“This is it? You sure she’s a witch and not a stay at home mom?” Dean rubbed his eyes with the back of his hand.
“I’m sure,” Bobby nodded. He led them across the street and up a few brick steps to the paved cement walkway that led to the front door. A talisman with dried herbs was nailed to the white door frame, and a beautiful handmade wreath of vines, flowers, and herbs decorated the door. Bobby knocked gently. Sam scuffed his shoes on the welcome mat.

The door opened quietly, and in the open frame stood a young woman. Her vibrant red hair hung around her shoulders, and a pretty pink smile was painted on her face. Her eyes lit when she spotted Bobby Singer on the porch, and she held out a hand in welcome. He smiled bashfully and took off his filthy hat.
“Bobby,” she grinned, shaking his hand delicately. “How are you?”
“Doing okay,” Bobby nodded. “I was wondering if you had some time to…talk shop.”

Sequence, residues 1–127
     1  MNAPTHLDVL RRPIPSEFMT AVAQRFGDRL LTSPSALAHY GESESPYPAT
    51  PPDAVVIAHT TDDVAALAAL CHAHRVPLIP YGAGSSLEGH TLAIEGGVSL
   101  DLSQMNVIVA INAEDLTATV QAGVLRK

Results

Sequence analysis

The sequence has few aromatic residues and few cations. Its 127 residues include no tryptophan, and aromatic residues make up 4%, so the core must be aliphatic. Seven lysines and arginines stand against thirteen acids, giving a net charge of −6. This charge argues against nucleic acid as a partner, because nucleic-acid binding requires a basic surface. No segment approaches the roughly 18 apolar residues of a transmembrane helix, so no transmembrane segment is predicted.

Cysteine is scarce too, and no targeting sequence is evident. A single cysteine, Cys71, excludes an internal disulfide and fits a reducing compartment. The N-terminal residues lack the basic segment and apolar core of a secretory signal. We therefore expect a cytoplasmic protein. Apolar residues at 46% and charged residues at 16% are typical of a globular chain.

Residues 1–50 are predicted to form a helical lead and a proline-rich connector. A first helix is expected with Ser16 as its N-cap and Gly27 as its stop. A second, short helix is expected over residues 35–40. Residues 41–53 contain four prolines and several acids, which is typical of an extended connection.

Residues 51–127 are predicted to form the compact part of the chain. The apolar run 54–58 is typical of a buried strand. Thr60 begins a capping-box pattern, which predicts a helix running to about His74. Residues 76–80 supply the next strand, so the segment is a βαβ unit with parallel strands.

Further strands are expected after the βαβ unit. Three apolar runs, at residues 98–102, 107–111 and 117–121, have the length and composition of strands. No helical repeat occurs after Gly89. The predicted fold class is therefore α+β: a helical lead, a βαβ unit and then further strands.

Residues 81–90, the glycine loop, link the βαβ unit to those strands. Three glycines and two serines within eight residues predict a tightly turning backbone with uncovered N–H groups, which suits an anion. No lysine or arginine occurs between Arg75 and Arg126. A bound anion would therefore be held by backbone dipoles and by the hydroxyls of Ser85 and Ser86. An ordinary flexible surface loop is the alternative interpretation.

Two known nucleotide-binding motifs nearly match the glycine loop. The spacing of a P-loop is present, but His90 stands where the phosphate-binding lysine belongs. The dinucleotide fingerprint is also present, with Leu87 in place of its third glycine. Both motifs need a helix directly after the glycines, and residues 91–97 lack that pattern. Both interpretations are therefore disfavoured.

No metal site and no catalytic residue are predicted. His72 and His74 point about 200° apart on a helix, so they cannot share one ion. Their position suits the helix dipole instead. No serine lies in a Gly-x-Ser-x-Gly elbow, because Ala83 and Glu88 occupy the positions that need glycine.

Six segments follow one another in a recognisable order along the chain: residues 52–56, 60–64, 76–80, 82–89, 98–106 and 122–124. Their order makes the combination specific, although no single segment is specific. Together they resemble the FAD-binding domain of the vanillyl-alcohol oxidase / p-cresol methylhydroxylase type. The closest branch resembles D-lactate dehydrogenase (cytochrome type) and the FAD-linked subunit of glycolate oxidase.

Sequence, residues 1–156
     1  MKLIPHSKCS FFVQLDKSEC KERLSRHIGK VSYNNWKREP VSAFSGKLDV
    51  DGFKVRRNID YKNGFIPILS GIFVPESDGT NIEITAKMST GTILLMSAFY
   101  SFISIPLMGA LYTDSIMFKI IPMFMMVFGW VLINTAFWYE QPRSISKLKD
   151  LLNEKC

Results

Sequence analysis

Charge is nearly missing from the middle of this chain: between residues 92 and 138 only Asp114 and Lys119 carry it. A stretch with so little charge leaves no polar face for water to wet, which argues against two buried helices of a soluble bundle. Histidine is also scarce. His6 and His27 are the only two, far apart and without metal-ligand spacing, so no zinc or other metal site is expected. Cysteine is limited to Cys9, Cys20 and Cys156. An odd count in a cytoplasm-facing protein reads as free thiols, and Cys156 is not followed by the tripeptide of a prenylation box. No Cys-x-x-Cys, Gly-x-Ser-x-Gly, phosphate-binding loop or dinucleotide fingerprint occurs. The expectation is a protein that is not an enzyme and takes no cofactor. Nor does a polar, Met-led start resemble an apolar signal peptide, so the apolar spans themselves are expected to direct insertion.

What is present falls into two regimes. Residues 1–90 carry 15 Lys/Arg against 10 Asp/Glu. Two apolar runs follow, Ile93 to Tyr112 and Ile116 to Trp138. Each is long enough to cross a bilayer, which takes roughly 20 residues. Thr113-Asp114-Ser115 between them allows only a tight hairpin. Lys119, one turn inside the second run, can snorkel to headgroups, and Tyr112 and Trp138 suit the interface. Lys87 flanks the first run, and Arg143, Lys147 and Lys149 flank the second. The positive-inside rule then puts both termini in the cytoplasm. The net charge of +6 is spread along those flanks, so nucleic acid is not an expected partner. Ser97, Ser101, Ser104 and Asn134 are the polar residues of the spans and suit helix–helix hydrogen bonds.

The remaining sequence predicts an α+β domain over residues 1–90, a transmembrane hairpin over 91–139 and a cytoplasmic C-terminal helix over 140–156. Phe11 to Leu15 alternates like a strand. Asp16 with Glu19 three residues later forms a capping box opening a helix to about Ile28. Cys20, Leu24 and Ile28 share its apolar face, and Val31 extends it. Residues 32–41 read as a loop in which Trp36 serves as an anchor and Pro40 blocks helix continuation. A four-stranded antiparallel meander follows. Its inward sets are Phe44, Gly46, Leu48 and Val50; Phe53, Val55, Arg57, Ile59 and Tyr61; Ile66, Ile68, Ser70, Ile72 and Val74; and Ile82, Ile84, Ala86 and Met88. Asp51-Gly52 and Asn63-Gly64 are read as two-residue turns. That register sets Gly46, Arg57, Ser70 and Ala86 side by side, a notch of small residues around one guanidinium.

“Sure,” she agreed, stepping to one side to usher the band of dusty men inside. “Come on in. I was just making some tea.”

Inside the kitchen, a beautifully lit yellow room filled with house plants and white furniture, Dean, Bobby, and Sam gathered around a small white kitchen table. The woman, dressed simply in a long black skirt and a button-down white top, poured hot water into a pink teapot.
“Who are your friends?” The woman asked as she moved around the kitchen, grabbing a bottle of honey and some milk from the refrigerator.
“Dean and Sam Winchester, friends of the…well, they’re like my family. Guys, this is Willow Rosenberg.”
“Hi,” Willow beamed, wiggling her fingers at the Winchester brothers. She set the tea on the table and sat down in the last remaining chair.
“How…oh!” Willow frowned, looking across the table at Dean’s mangled hands. He still had dirt caked under and around his fingernails, and his fingers and knuckles were scabbed and bruised. “Are you okay? Let me get some Band-Aids.”